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Solo Living: Healthy Ideas on What to Eat When You Live Alone

Living alone can give you more freedom and personal space for self-development. You can build daily routines without thinking of others, you get to have privacy and quiet time when you need it, and you can be as messy or as organized as you want. The catch is most people who live alone often exert less effort into preparing healthy meals.

This totally makes sense since you’ll only be cooking for yourself. Instant food products and takeaways are usually cheaper and more convenient. However, ready-made food will not be able to give your body the nutrients it needs. Whether it’s about inadequate cooking skills or lack of motivation, you must eat healthy. It’s the only way to fuel your body with energy and keep your mind fit. If you don’t know where to start, here are some easy steps for you to follow.

1. Limit your fresh-produce budget

The last thing you want to do here is to waste money. One way to avoid that is by limiting the fresh produce you purchase. These food products can go bad faster than others. Only buy what you can eat within a week or less. Most people who live alone tend to buy fresh produce in bulk, thinking they can save more. The problem is, there will be days that you’re too lazy to cook meals with them. If going to the grocery store multiple times a week is a hassle for you, you can opt for frozen veggies or fruit that you can stock on your fridge. You can make enough smoothies for a month by buying a club pack of frozen fruits.

2. Purchase your protein in bulk

If there’s one food type that’s great for bulk purchase, that’s protein. You can go with the usual protein sources such as eggs and chicken. Since chicken isn’t typically a cheap buy, it’s best to get larger packs of them and divide the parts into freezer bags. If you can buy them on sale, the better. Dairy products are another great source of protein and calcium, which are even more essential for older adults.

Buy dairy products only made with farm-fresh milk protein concentrates to ensure you’ll get all the essential nutritional needs. Plus, you can guarantee that the milk is produced following the proper health and safety standards. Some of the dairy products you can buy in bulk are cheese, yogurt, and ready-to-drink chocolate milk. Apart from dairy products, other healthy proteins you can buy are seeds and nuts, soy and tofu, beans, and fish.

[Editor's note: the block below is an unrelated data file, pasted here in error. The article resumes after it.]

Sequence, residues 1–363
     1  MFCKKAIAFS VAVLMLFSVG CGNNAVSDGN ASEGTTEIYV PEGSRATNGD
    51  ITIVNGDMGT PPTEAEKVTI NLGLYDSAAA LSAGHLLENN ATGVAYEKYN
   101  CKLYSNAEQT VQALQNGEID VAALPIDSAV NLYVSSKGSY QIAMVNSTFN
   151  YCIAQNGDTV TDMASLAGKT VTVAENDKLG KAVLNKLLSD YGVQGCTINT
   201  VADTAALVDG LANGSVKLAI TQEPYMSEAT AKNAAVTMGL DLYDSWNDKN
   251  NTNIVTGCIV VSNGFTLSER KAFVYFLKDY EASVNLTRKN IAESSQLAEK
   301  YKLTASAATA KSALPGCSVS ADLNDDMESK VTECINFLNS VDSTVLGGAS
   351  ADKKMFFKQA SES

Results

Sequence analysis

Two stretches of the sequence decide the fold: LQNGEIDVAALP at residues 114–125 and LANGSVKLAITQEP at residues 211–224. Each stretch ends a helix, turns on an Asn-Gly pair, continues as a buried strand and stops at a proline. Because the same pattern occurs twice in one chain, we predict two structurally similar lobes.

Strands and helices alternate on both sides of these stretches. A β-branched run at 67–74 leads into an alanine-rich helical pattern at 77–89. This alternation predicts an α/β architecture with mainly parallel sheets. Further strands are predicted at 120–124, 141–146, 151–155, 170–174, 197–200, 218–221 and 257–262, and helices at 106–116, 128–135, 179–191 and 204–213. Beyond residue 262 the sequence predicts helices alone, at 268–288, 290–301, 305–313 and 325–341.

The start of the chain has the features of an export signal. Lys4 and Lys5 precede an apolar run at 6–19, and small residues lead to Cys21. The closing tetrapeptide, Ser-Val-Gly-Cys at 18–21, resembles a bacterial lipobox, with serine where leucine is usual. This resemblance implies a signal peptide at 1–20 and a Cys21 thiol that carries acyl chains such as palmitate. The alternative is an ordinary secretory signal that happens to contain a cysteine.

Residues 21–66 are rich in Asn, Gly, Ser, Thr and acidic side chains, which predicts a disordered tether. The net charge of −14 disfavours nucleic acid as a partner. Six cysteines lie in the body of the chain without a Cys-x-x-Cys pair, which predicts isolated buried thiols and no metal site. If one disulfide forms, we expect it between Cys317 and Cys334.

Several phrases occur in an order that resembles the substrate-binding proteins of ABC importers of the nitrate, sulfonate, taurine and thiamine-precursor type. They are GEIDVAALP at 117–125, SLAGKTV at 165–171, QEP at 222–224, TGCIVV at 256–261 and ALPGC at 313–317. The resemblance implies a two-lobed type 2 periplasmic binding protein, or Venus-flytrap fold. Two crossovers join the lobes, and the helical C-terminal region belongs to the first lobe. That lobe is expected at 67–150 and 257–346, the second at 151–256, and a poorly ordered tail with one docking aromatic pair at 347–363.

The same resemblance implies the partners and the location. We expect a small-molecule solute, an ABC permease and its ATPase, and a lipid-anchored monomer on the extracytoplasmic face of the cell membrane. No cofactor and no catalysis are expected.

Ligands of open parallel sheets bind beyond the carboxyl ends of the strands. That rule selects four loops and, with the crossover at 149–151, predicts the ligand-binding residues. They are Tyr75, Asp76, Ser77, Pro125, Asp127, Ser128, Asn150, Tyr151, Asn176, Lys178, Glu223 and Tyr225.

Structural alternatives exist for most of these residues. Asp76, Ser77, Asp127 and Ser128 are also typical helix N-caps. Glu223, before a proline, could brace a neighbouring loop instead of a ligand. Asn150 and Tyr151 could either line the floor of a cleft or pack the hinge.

3. Consider cooking in batches

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Cooking in batches is the perfect solution if you often lack the motivation to cook meals every day. If you love pasta, you can prepare a massive lasagna that you can eat every day for a week. A huge pot of beans and rice is also a good option if you’re not picky. This might be a bit of a challenge if you’re the kind of person who doesn’t like eating leftovers or could only eat something once.

On a positive note, cooking in batches can also save you a lot of time and money from preparing multiple meals. If you want variety, you can just prep up to four servings, so you have ready-made freezer meals for different recipes. Just be sure not to fill your freezer with too much food, Check it routinely, and always eat what you have in your freezer first. Place the prepared meals that quickly go bad in front so you won’t forget them.

4. Stick to your favorites

Living alone means you don’t have to worry about the preference of others, especially when it comes to food. So when planning your healthy meals, build them around the food you like and want to eat. Keep a balanced meal by including the necessary micronutrients or food groups. Your meals should have a bit of everything such as fat, carbohydrates, and proteins. You can get fat from nuts, egg yolk, cooking oil, and avocado. Good sources of carbohydrates, on the other hand, are rice, pasta, potatoes, bread, non-leafy green vegetables, and beans. Check out different recipes that include your favorite foods and print them out. Moreover, you can avoid leftovers if you prepare meals that you can and want to eat.

Living alone may permit you to slack off on household chores or decide how to structure your day. However, solo living doesn’t mean that you can go idle in eating healthy. Having a healthy diet doesn’t just give you the energy and motivation to tackle your daily tasks. But it also reduces your risks of acquiring serious diseases and illnesses.

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